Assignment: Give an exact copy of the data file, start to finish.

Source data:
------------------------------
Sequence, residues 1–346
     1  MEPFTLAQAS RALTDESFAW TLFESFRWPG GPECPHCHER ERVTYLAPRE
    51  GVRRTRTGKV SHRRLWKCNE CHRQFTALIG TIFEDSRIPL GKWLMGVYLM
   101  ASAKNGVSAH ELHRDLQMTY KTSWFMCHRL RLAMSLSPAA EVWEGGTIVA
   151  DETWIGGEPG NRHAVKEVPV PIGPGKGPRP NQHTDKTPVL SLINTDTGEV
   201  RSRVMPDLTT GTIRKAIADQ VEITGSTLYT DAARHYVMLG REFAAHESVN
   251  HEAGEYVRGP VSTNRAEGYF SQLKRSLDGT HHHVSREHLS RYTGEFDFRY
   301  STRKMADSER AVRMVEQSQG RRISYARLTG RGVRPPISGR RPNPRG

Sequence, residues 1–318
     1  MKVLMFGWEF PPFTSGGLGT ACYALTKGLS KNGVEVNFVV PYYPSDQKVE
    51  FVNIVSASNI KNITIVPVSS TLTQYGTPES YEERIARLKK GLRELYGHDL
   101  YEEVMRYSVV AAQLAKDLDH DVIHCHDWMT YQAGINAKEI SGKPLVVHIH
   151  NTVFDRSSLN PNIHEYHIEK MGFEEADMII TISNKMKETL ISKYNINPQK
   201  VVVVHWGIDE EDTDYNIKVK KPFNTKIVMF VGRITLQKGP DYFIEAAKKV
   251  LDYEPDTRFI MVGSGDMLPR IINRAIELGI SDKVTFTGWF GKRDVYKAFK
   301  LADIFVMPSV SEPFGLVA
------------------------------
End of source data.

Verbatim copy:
Sequence, residues 1–346
     1  MEPFTLAQAS RALTDESFAW TLFESFRWPG GPECPHCHER ERVTYLAPRE
    51  GVRRTRTGKV SHRRLWKCNE CHRQFTALIG TIFEDSRIPL GKWLMGVYLM
   101  ASAKNGVSAH ELHRDLQMTY KTSWFMCHRL RLAMSLSPAA EVWEGGTIVA
   151  DETWIGGEPG NRHAVKEVPV PIGPGKGPRP NQHTDKTPVL SLINTDTGEV
   201  RSRVMPDLTT GTIRKAIADQ VEITGSTLYT DAARHYVMLG REFAAHESVN
   251  HEAGEYVRGP VSTNRAEGYF SQLKRSLDGT HHHVSREHLS RYTGEFDFRY
   301  STRKMADSER AVRMVEQSQG RRISYARLTG RGVRPPISGR RPNPRG

Sequence, residues 1–318
     1  MKVLMFGWEF PPFTSGGLGT ACYALTKGLS KNGVEVNFVV PYYPSDQKVE
    51  FVNIVSASNI KNITIVPVSS TLTQYGTPES YEERIARLKK GLRELYGHDL
   101  YEEVMRYSVV AAQLAKDLDH DVIHCHDWMT YQAGINAKEI SGKPLVVHIH
   151  NTVFDRSSLN PNIHEYHIEK MGFEEADMII TISNKMKETL ISKYNINPQK
   201  VVVVHWGIDE EDTDYNIKVK KPFNTKIVMF VGRITLQKGP DYFIEAAKKV
   251  LDYEPDTRFI MVGSGDMLPR IINRAIELGI SDKVTFTGWF GKRDVYKAFK
   301  LADIFVMPSV SEPFGLVA